Phronesis, meta-emotions, and character education
Despite the recent interest in phronesis (practical wisdom), and the creation of a four-componential model to unpack its nature, various puzzles (philosophical, psychological, and educational) remain about those components, not least the proposed one of emotion regulation. This paper introduces four remaining puzzles about this component and provides a brief overview of possible responses, based on Aristotle’s texts. However, given Aristotle’s own naturalistic method, in which ethical theorising must be constantly updated in light of empirical findings, the paper suggests that Aristotle’s texts only take us thus far and that we need to draw on contemporary psychological sources for further enlightenment. The paper therefore invokes research from the last quarter of a century about so-called meta-emotions. This research is relevant given the meta-status of phronesis as an integrative virtue. Some of the possible implications of this research for an understanding of the emotional component of phronesis are elicited, as well as how it can be cultivated as part of character education.
Please, cite this article as follows: Kristjánsson, K. (2023). Phrónesis, metaemociones y educación del carácter [Phronesis, meta-emotions, caracter education]. Revista Española de Pedagogía, 81 (286), 437-456. https://doi.org/10.22550/REP81-3-2023-01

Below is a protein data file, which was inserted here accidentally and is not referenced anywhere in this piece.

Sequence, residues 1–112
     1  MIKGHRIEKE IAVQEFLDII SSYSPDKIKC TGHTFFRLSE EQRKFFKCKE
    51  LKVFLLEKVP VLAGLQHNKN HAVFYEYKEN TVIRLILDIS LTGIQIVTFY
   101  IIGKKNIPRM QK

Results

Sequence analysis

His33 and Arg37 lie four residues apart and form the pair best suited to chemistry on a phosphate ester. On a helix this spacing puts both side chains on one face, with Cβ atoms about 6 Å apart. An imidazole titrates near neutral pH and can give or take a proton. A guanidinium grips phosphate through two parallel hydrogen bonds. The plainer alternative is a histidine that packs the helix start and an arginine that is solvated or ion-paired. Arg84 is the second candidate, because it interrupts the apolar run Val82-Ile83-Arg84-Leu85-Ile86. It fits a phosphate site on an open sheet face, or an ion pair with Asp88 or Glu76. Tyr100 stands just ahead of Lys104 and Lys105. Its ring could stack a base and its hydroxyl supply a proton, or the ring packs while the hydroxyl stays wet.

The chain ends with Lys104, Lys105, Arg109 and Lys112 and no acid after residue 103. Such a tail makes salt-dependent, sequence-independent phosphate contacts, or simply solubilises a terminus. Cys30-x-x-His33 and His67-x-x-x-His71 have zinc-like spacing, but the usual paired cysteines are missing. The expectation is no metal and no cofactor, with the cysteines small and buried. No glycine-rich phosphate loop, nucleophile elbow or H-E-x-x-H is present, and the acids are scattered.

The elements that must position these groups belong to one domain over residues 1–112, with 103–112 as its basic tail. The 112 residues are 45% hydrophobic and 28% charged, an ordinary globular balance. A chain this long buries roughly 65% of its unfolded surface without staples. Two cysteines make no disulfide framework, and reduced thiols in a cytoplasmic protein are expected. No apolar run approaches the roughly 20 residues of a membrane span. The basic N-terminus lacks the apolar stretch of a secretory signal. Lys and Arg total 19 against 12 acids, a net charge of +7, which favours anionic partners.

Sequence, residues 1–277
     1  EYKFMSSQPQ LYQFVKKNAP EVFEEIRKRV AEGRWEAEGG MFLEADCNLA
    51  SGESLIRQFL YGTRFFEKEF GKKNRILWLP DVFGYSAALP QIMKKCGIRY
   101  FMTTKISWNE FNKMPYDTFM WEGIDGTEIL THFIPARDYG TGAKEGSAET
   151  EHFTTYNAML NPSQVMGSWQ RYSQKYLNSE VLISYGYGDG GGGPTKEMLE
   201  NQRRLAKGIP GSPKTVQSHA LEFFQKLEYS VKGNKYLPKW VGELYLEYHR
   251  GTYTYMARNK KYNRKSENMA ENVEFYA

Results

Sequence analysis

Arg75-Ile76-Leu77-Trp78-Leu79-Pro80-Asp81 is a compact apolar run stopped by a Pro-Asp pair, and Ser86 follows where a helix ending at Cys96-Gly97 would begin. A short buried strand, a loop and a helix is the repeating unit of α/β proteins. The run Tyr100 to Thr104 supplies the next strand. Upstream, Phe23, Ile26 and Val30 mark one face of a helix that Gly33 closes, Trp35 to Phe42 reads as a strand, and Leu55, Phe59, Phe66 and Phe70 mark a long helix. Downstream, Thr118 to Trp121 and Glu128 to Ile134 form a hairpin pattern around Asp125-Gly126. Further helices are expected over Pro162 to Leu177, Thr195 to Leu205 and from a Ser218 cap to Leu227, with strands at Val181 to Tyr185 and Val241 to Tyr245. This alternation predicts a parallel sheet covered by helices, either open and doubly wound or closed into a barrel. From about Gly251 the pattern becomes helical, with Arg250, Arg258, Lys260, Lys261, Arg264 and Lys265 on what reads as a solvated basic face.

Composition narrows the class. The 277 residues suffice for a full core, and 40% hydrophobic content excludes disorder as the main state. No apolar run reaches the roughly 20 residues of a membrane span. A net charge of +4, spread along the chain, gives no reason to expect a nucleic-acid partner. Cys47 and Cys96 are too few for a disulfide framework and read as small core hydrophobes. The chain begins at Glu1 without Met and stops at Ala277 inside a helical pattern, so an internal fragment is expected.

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Kristján Kristjánsson is a Professor of Character Education and Virtue Ethics at the University of Birmingham and former deputy director of the Jubilee Centre for Character and Virtues. He has been a Visiting Fellow at Cornell University, University of Konstanz, St. Edmund’s College (Cambridge University) and Institute of Education (University of London). He has written extensively on themes in general education, moral education, educational psychology, moral philosophy and political philosophy. His research orientation can best be summed up as that of Aristotle-inspired philosophical scrutiny of theories in educational psychology and values education, with special emphasis on the notions of character and virtuous emotions.
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